We are currently in the fourth season of the College Football Playoff. While it’s not a perfect system, almost all will agree that it’s miles ahead of the former BCS format. The change expanded the number of teams truly competing for a national title and left room for a team on a hot streak at the end of the year to potentially slip in.

The PAC-12 has had two members represent the conference, Oregon in 2014 and Washington in 2016. The PAC-12 has eaten itself alive in recent years, to the point where the best team in the conference might not make the cut. If Tuesday’s rankings reflect the end of the season, the PAC-12 will join the Big 12 as the only Power 5 conferences to miss multiple playoffs. Does this hurt the conference’s recruiting?

The truth to this statement is a different story, but the PAC-12 has generally been regarded as the weakest of the Power 5 conferences for years now. In fact, Washington head coach Chris Petersen had his own war with ESPN over exposure in early October. The PAC-12 has had the longest drought of the major conferences without a national title. That most recent title was won by USC, who is usually excluded from the negative reputation that the conference carries, anyway.

Before the playoff format, a conference could get away with not putting out a national title contender. As long as there were teams that were relatively competitive, a top-ten team here or there, the conference would be fine. Since the playoff, however, conferences are judged much more harshly than before. A conference like the PAC-12 is constantly under scrutiny to see whether the best team is worthy of a playoff spot. With only four spots, at least one of the Power 5 conferences is going to be snubbed every year. If it consistently becomes the PAC-12, this could be an issue in the future.

The 65 Power 5 teams typically make up the majority of the top 65 in recruiting rankings, with a few smaller schools sprinkled in. When averaging the 247sports 2018 recruiting rankings of each conference, the PAC-12 was the worst by far. The average ranking for the PAC-12 was 43, over five spots below the next lowest at 37.9. It is also the only Power 5 conference without two teams in the top 10.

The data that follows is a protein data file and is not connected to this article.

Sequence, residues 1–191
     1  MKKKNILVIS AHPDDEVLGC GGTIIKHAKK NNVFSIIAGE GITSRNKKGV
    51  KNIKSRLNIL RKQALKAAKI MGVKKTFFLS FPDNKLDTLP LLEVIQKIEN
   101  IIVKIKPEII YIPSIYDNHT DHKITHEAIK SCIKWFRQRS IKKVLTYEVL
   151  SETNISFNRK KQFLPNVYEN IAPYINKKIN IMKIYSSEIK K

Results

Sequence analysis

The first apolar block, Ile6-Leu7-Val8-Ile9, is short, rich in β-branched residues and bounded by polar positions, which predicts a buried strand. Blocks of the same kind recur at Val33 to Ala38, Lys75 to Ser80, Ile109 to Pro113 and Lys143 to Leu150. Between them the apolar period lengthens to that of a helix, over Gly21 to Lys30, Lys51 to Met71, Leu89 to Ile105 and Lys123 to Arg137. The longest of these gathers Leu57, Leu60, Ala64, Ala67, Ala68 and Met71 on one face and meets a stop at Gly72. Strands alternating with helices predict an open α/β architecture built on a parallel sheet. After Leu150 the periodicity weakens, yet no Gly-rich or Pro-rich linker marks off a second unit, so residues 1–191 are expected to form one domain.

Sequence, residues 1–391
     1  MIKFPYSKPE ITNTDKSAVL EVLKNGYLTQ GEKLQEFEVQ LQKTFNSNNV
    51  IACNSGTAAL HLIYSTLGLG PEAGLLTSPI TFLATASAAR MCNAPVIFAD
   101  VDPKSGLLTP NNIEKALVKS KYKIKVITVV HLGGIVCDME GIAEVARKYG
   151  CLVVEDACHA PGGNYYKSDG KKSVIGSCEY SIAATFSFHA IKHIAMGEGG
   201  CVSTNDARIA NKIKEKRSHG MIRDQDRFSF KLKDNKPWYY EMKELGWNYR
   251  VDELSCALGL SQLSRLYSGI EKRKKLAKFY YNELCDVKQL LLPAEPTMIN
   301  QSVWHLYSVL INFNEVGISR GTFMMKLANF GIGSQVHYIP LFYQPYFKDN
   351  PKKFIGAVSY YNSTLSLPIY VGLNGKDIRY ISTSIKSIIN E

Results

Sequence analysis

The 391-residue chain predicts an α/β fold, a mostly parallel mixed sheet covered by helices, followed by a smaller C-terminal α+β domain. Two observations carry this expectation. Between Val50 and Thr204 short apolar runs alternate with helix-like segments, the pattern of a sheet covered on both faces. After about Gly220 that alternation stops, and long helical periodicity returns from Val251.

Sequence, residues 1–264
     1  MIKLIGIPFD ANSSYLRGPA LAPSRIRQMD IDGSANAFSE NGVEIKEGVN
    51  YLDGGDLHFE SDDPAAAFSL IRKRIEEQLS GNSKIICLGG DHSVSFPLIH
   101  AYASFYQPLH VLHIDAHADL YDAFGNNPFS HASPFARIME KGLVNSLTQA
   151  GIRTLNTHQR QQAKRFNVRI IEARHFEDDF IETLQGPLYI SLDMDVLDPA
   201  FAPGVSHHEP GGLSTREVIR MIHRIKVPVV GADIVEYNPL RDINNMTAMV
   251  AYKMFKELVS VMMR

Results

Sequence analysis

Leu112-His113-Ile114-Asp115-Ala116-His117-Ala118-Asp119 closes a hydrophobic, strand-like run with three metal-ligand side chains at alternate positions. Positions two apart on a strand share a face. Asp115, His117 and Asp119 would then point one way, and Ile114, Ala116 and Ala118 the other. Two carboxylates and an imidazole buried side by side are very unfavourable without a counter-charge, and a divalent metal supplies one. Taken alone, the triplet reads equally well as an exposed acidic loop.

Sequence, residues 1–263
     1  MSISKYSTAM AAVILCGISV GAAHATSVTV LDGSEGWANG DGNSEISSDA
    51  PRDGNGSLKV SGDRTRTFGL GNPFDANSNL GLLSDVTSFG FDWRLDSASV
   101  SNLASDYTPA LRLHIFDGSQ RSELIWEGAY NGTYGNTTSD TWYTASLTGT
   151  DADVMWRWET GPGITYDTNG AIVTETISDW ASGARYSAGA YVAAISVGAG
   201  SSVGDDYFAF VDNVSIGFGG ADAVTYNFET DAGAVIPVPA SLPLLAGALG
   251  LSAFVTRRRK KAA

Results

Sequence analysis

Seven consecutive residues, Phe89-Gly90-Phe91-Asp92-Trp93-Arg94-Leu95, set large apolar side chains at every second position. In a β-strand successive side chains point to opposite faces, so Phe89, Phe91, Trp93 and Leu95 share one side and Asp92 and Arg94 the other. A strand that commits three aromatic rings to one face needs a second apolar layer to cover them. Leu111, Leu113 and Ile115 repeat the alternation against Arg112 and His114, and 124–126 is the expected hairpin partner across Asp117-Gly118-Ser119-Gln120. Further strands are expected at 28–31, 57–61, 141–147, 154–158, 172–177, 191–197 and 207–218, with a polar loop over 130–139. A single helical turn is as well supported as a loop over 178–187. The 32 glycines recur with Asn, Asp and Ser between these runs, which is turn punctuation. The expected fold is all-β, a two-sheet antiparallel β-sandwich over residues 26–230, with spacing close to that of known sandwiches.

As expected from a low recruiting ranking, the PAC-12 has had difficulty landing top players. About half of the players in the Armchair Top 100 have committed, and the PAC-12 is lagging behind. Only seven Top 100 players have committed for the 2018 class. For reference, twice that many are committed to the Big Ten, and Ohio State alone is tied with the whole conference.

It’s obvious that the PAC-12 has the worst reputation of the Power 5 conferences. It typically has the reputation of not being physical enough to keep up with the other conferences. The PAC-12 also has to deal with other issues, such as the schools being on the west coast, causing later kickoff times.

Many recruits from the west coast will choose a PAC-12 school, but there’s only so many of them, and most go to USC and UCLA. The difficulty of getting recruits has more to do with the conference’s reputation over the years of being the weakest of the Power 5, but if its schools keep missing the final cut for the College Football Playoff, the PAC-12 may never be able to shed that reputation. Recruiting will continue to fall behind the rest of its competitors as a result.

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Author Details
Team Manager at Armchair P12 Crootin , The Armchair All-Americans, LLC
My name is Zach Regelin, I am a student at the University of Oregon, and I live and breathe sports. As a lifelong Oregonian, being a sports fan can be a constant struggle. Instead of asking myself whether my local NBA team can compete for a title, I wonder which future superstar we passed on in the draft. Even my own school — which has had plenty of success over the years — always seems to come up short in the biggest moments. Despite the frequent heartbreaks, I wouldn’t trade my fandom of Oregon sports for any other team with a more lucrative history. It will just make the eventual championship that much sweeter.
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Team Manager at Armchair P12 Crootin , The Armchair All-Americans, LLC
My name is Zach Regelin, I am a student at the University of Oregon, and I live and breathe sports. As a lifelong Oregonian, being a sports fan can be a constant struggle. Instead of asking myself whether my local NBA team can compete for a title, I wonder which future superstar we passed on in the draft. Even my own school — which has had plenty of success over the years — always seems to come up short in the biggest moments. Despite the frequent heartbreaks, I wouldn’t trade my fandom of Oregon sports for any other team with a more lucrative history. It will just make the eventual championship that much sweeter.
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